Over three years ago, at the Yahoo/BBC Hackday in Alexandra Palace, candace and I knocked up Above London and Above SF, two Twitter bots that would alert followers in one of those two cities that the International Space Station (or an Iridium flare) would be visible.
I’m happy with the reception it got, and I still prefer its output to that of some of the subsequent services that provide the same service (such as @overlondon or @twisst). However, it was always a bit of a pain to look after (true to the word “hack” in the event title, I cut corners when it came to handling DST, and occasionally the cron jobs running it would fall over).
Two things have finally done for it: Twitter’s move to OAuth, and more importantly, the fact I managed to leave the only copy of the code on a server that’s now sitting, unplugged, in the UK. Even the service on which I posted the write-up of the hack has now closed. Given that, it’s probably best that I post a message to the Twitter accounts, and formally shut up shop (for now, at least).
Thanks to everyone who followed either the San Francisco or London account, and good luck with one of the aforementioned alternatives. I hope you got to see the ISS at least once. It’s always warmed my heart to look up and see the few humans that circle the world, shining brightly in the evening twilight.
A couple of people have started posting the sort of thing I’d post here, but split into multiple Twitter posts. Unfortunately, given the absence of meaningful Twitter archiving and the way that the conversations (which can admittedly be useful, but are usually just distracting) drown them in the what you can see on Twitter, they’re quickly lost.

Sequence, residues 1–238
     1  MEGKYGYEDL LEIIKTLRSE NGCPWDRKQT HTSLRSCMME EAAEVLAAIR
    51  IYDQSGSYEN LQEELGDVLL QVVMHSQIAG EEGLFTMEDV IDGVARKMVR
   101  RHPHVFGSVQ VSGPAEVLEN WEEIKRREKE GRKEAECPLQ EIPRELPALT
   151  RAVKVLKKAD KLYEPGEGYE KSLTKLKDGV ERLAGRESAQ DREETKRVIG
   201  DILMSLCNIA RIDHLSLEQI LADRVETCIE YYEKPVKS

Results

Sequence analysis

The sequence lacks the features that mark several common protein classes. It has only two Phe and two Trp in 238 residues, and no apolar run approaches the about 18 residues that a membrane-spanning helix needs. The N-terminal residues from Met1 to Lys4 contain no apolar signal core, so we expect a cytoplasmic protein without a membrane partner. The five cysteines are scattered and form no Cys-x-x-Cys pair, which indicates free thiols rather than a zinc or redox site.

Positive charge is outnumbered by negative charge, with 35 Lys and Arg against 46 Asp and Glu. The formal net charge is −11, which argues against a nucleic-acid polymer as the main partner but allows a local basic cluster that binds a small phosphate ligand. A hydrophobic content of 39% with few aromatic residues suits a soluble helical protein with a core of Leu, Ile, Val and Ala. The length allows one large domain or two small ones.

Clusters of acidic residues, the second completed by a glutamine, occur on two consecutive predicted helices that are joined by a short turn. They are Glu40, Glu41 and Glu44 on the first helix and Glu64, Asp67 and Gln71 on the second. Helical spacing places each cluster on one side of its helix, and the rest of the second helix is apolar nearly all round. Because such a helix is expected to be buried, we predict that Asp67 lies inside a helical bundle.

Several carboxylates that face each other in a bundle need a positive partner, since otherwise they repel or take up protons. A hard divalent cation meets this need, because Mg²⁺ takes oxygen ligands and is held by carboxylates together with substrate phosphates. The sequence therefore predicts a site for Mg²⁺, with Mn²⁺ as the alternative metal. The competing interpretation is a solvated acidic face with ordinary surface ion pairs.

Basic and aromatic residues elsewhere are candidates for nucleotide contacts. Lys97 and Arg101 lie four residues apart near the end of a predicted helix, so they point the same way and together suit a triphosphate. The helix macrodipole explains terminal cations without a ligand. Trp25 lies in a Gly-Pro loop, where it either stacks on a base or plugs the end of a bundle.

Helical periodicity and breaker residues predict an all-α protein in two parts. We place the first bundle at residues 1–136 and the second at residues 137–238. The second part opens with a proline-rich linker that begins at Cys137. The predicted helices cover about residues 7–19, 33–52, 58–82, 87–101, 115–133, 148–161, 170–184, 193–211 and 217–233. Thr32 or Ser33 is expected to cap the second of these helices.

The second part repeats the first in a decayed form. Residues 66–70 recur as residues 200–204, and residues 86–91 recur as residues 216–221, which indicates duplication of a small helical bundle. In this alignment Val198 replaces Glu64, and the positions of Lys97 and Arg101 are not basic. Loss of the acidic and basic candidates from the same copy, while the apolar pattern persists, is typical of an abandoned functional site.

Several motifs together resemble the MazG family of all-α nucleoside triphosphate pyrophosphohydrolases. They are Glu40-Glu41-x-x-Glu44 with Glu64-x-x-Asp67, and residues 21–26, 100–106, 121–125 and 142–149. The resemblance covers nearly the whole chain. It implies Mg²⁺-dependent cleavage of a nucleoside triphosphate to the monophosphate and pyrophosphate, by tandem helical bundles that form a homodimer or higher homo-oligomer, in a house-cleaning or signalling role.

Even using URLs is tricky. For a series of posts, you end up having to open multiple links, and there’s no cohesive narrative. At least that gives you as a user a method of archiving them, but I though there’d be an easier way of doing so.
#2lmc have used a bot to fetch page titles for years. Pairing namer.pl, which only does that, with a from-Subversion copy of URI::Title, which fetches the full content of posts to Twitter, lets you quickly drop in post URLs and extract a conversation. Here’s John Siracusa, last week:
And here’s Fraser Spiers, this morning:
Obviously, it’s far from perfect, but at least it’s a single block of text that can be easily edited down to some meaningful sentences. (While the above is captured as text in my IRC logs. I thought it was a bit mean to turn what people might have considered ephemeral into archived HTML, so I’ve posted screnshots of my Terminal window containing the IRC client.)
I may try and do this more in future, or even build a more web-native method of doing so, but then I wonder if, despite the fact that you can’t copyright a post, people might get offended. It also fails (as so many Twitter apps do) when one participant is private. Ah well.